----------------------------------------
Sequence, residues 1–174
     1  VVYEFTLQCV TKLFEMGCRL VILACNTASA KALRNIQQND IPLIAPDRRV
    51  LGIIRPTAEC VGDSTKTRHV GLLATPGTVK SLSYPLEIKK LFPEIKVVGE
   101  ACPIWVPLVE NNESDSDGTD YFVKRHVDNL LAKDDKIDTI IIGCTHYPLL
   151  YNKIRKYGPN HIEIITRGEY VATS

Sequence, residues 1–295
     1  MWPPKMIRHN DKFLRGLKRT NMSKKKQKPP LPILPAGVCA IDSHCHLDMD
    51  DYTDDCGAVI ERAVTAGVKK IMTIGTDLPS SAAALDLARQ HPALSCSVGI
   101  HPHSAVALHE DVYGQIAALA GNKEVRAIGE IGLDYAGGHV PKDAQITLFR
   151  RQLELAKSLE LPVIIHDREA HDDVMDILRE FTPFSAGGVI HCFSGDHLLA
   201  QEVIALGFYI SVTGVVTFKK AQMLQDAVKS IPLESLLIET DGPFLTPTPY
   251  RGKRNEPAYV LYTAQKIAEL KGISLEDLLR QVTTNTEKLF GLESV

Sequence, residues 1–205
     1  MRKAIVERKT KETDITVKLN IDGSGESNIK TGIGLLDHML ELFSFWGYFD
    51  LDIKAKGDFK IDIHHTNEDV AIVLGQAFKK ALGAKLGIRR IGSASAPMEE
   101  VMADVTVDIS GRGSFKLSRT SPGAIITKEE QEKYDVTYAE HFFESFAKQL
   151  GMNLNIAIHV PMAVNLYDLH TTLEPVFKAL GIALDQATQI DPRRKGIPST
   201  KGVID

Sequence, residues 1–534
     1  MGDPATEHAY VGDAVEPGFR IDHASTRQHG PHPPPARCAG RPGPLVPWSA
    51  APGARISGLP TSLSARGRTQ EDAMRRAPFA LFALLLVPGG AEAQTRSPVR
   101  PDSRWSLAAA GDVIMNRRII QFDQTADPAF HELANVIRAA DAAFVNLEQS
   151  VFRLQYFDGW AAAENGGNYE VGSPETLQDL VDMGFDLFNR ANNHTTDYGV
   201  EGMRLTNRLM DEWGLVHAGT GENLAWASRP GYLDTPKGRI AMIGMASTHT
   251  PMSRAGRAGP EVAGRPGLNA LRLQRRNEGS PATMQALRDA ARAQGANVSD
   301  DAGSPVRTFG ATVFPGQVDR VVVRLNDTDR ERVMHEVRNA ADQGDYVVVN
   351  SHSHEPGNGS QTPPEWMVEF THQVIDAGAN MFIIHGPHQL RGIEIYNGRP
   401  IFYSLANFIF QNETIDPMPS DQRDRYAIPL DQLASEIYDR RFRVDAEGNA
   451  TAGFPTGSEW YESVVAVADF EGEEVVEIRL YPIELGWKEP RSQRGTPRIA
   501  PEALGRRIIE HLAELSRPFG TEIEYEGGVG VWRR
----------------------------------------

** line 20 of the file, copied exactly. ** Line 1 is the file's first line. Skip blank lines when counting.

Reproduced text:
     1  MGDPATEHAY VGDAVEPGFR IDHASTRQHG PHPPPARCAG RPGPLVPWSA